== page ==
Why we shouldn’t compare SARS-CoV-2 with the Influenza (Flu) virus?

SARS-CoV-2 is a virus, just like the Influenza (aka Flu) virus. Both viruses affect the lower respiratory system, which means they have the ability to attack our lungs.

  • To put it simply, depending on the state of our immune system, when we inhale infected air into our lungs, we either
    • prevent the inhaled viruses from doing any damage at all or
      • we stop them from doing too much damage or
        • we are unable to stop the virus from gaining a foothold and using us as a food source.

A person carrying the Flu virus can spread the virus by coughing, sneezing, laughing, talking or even just breathing out virus laced droplets and aerosols. Aerosols are smaller than droplets in size and consequently, are able to stay aloft in circulated air longer, and are able to reach deeper into the lungs.

  • The new coronavirus – SARS-CoV-2 – spreads in pretty much the same manner.

The Influenza virus is not a new virus.

  • Our last big pandemic with the Flu virus was in 1918 when it is reported to have killed 50 million people worldwide!
  • IF a virus with that kind of pathogenesis (disease causing ability) were to infect us today, we would be better able to prevent those kinds of fatalities because of
    • surveillance,
    • data sharing,
    • use of platform technology which enables vaccine production in 2 years or under, and
    • optimized drug discovery.
      • Add to that a robust public health infrastructure which helps with quick diagnosis, public health messaging and tools, and we are now able to deal with most infectious threats, given enough time and data analysis.

How bad are the two viruses?

Reported mortality rates for COVID-19 (disease caused by SARS-CoV-2) range from 2 to 4%, far higher than the seasonal flu mortality rate of 0.1%. It is likely that the COVID-19 mortality rate will come down, once we analyze the final numbers.

  • Every year, as we head into Flu season, we roll out
    • seasonal vaccines,
    • public service announcements,
    • rapid diagnostic techniques, as well as
    • anti-viral drugs to reduce the severity of the illness,
      • all of which are also reasons why we should not be comparing SARS-CoV-2 with the Flu virus.
  • We have great public service announcements for SARS-CoV-2, but no vaccine yet, for which we may have to wait at least another 18 months. We don’t have enough diagnostic kits and we don’t have any FDA approved anti-viral drugs (yet) against the new virus, although we are testing the effectiveness of potential drugs in clinical trials. 

Which behaviors do we encourage in the community, to prevent SARS-CoV-2 infections?

We use a lot of the techniques we use with Flu prevention:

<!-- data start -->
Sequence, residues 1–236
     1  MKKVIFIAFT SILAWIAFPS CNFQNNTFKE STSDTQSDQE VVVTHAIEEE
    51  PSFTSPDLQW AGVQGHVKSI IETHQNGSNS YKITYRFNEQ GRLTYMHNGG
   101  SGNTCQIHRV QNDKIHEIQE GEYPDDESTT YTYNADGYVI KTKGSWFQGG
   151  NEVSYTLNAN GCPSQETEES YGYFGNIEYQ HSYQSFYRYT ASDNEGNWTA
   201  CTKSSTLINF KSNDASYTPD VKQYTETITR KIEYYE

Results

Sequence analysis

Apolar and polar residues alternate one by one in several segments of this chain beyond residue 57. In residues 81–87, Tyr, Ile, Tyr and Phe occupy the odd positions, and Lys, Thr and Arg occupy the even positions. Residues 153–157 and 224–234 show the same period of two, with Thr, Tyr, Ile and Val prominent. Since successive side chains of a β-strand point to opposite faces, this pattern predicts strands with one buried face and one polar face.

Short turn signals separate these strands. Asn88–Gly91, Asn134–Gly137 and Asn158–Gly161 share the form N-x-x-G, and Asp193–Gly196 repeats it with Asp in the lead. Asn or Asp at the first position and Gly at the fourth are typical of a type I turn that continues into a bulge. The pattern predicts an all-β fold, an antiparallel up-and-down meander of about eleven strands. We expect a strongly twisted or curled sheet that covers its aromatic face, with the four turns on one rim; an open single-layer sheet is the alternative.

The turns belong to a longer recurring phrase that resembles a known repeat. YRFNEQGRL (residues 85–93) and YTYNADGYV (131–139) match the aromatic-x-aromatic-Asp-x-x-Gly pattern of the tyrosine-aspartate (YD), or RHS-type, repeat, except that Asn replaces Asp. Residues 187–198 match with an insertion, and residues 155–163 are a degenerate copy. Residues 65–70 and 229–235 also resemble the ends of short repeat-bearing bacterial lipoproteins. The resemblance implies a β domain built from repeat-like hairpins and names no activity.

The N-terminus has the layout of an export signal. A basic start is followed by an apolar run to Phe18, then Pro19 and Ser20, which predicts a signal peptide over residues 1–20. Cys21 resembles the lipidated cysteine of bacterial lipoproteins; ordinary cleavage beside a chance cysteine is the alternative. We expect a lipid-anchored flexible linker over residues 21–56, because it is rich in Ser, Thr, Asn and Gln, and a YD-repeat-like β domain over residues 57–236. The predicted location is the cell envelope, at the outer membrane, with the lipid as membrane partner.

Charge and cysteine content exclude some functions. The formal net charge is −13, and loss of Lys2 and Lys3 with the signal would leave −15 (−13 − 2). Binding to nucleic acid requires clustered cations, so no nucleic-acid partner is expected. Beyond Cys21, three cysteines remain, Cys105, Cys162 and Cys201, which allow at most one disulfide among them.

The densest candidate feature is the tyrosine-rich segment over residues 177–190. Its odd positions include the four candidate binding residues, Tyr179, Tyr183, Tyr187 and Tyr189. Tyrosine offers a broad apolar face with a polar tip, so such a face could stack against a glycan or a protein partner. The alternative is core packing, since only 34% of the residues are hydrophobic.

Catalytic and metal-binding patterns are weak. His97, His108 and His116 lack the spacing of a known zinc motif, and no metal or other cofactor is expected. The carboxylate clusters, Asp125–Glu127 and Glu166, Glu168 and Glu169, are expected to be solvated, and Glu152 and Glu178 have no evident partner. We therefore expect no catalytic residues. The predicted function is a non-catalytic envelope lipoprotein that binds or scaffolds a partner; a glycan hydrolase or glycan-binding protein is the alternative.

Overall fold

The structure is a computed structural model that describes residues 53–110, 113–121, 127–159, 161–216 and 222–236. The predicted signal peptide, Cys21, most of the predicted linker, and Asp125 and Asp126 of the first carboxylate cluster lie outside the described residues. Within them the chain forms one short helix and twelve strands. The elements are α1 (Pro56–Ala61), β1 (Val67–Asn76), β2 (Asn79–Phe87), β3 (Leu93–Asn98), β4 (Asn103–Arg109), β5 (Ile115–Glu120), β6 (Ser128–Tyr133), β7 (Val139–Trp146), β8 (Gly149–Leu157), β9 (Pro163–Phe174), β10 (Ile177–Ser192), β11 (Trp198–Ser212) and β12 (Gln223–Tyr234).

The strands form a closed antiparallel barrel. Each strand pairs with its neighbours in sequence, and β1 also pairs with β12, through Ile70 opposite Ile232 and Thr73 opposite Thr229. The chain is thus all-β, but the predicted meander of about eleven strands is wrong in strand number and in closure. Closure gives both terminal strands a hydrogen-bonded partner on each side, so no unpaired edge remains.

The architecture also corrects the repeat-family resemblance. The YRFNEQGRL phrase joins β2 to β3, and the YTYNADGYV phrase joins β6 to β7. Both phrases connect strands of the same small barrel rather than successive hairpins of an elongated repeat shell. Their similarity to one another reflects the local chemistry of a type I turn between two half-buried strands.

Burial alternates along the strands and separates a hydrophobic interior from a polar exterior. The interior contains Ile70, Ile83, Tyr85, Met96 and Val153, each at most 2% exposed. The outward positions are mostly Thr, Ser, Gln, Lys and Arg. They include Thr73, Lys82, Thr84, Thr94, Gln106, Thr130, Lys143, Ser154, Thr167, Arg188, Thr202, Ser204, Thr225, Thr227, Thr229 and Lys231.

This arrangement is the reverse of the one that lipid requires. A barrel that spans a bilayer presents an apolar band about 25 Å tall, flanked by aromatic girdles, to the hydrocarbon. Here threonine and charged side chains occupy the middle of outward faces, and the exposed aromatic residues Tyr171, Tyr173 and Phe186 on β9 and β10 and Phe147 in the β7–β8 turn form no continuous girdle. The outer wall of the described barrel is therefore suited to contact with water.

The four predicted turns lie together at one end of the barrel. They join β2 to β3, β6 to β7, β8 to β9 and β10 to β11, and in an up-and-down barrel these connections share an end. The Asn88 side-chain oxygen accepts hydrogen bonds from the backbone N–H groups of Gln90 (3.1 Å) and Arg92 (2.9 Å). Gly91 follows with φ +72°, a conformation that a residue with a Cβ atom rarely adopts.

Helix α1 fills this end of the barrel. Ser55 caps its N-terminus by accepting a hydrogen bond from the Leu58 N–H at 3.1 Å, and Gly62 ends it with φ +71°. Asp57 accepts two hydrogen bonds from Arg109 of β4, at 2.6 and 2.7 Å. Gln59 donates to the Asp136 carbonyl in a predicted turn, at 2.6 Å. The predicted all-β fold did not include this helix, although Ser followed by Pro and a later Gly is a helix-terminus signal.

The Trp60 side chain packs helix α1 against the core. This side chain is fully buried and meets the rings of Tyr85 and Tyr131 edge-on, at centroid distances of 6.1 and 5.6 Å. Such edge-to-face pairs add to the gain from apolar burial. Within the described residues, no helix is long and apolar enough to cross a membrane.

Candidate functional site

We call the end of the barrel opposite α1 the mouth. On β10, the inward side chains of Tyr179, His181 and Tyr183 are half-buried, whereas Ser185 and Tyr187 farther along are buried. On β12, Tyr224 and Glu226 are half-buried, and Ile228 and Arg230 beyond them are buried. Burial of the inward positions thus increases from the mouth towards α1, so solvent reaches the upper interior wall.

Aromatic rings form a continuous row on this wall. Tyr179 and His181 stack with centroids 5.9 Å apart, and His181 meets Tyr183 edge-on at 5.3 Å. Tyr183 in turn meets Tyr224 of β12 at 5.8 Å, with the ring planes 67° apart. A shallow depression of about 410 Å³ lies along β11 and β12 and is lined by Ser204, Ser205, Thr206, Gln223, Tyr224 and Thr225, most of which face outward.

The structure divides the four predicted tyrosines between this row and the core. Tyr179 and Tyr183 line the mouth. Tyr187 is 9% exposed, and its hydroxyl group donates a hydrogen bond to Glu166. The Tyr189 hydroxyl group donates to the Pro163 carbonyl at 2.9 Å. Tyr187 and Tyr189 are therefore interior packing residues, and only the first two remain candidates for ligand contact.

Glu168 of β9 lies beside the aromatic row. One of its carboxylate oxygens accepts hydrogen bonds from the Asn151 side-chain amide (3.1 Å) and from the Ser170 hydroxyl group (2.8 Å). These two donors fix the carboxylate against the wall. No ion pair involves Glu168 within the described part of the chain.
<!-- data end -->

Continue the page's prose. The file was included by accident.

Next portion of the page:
• proper cough and sneeze etiquette,
  • keeping hands clean,
  • wiping down common use areas with disinfectants so that you minimize surfaces from acting as a source of transmission of the virus,
  • staying home when sick, so you minimize chances of infecting others, especially those with compromised immune systems, either due to disease or old age,
  • managing chronic illnesses, and
  • calling your healthcare provider if you are unable to breathe (this symptom may be seen both in Flu and in COVID-19).

WHY are we scared of SARS-CoV-2?

SARS-CoV-2 is a virus that is infecting humans for the first time.

  • It may be weeks to months by the time this virus plateaus or establishes itself as a seasonal virus or disappears altogether.
    • The point is, we won’t know until we get there.

What we do know for a fact is that it seems to be primarily infecting the elderly, the immunocompromised, and those with chronic conditions – a demographic that is at greater risk of any infection.

  • Which begs the question, why aren’t we doing all that we can, and encouraging everyone we can, to engage in urgent prevention of other infections, besides SARS-CoV-2?
    • It has taken a virus – a spillover from the animal world into humans – to highlight what’s lacking in our public health endeavors.
      • We should, at all be times be engaged in proper cough and sneeze etiquette.
      • We should, at all times, be conscientious of how clean our hands are, before we touch our faces, and before we pick up that cookie and pop it into our mouths.
        • We are far better off nodding our heads, folding our hands in namaste or bowing our heads, instead of shaking hands.
          • Thought to have been around for thousands of years, the ancient handshake conveyed peaceful intentions, absence of weapons hidden in the sleeve or a harmless greeting.
            • The modern-day handshake on the other hand, serves as a touchy way to transfer germs.
              • Let’s do away with it once and for all.

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